7. http://inside-digital.blog.lonelyplanet.com/2011/06/22/is-this-the-worlds-best-summer-city/ click the link to see the ranking
  8. Canada may be a hotspot for retail expansion, but lease costs in the country’s fanciest downtown shopping districts are still a relative bargain compared to other global centres. Toronto’s Bloor Street area was the priciest in Canada at $291.66 (U.S.) a square foot, according to Colliers International. Toronto is the only Canadian city to make the Top 50 in the report, coming in as the world’s 37th most expensive retail leasing market. The most expensive space in the world can be found on Fifth Avenue in New York, where lease costs are $2,150 a square foot – gaining 70 per cent over last year. The top five is rounded out by Hong Kong’s Russell Street ($1,510, up 25 per cent), Paris’s Avenue des Champs-Elysees ($1,310, unchanged), London’s Old Bond Street ($962, unchanged) and Zurich’s Bahnhofstrasse ($955, up 14.2 per cent). Ste-Catherine Street West in Montreal was the second most expensive Canadian location, at $204.15, a drop of 4.5 per cent. Saskatoon saw the biggest jump in Canadian lease rates, with Broadway Avenue gaining 25 per cent to $34.03. Other Canadian sites included: Calgary’s Uptown 17th Avenue at $53.47 (down 26 per cent), Downtown Edmonton at $43.75 (unchanged), Halifax’s Sprig Garden Road at $48.61 (unchanged), Ottawa’s Byward Market at $38.89 (down 20 per cent), Vancouver’s Robson Street at $194.44 (unchanged) and Victoria’s Government Street at $53.47 (unchanged). “After two successive years of lackluster growth, the world’s top retail streets once again regained their vitality, as reflected by a general rise in rents in many of the world’s premier shopping districts,” the report states. “As the lingering effects of the global downturn faded during the latter half of 2010, rising demand for the world’s most prime retail real estate was evident in many countries as many new retailers sought to establish a foothold in the world’s most prestigious avenues.” http://www.theglobeandmail.com/report-on-business/canadas-retail-space-still-a-deal-report/article2050037/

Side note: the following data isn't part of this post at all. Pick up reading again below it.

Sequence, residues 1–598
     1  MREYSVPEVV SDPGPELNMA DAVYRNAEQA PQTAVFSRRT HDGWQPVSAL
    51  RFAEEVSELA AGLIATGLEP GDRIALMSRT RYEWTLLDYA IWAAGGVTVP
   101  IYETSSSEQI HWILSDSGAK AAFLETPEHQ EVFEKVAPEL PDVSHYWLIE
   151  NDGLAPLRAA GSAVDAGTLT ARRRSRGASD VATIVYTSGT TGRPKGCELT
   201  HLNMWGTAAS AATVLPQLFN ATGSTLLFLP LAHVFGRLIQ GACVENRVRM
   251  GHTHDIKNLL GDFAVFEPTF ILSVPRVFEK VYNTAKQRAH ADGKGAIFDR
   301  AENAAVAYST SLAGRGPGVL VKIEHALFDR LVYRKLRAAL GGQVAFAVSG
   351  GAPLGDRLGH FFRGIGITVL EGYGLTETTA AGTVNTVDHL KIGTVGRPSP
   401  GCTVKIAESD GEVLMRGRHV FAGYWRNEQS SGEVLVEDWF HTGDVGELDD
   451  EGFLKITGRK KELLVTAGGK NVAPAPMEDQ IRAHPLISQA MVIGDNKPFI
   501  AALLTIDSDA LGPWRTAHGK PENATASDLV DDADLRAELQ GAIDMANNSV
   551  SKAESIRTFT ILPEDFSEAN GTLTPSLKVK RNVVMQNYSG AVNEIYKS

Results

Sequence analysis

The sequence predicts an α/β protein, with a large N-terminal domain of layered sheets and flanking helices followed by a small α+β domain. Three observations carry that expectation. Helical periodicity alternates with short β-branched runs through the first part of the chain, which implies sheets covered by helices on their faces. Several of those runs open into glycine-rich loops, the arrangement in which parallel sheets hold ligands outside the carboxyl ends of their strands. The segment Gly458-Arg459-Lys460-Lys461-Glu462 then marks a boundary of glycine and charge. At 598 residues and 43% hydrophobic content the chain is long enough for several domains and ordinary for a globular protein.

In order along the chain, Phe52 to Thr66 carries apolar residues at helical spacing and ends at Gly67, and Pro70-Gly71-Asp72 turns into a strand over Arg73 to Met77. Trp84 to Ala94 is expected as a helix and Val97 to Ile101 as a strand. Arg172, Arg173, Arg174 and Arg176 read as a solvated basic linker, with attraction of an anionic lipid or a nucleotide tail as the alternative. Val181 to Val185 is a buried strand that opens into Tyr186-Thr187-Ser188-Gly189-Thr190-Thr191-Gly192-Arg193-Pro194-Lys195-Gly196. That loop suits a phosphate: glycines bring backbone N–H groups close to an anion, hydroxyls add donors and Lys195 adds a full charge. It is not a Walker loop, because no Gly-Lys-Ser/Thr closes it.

9. Selon un communiqué de presse du CTBUH: Je ne sais combien de mètres de plus ça donne au 1000 de la Gauchetière, il faudra envoyer quelqu'un mesurer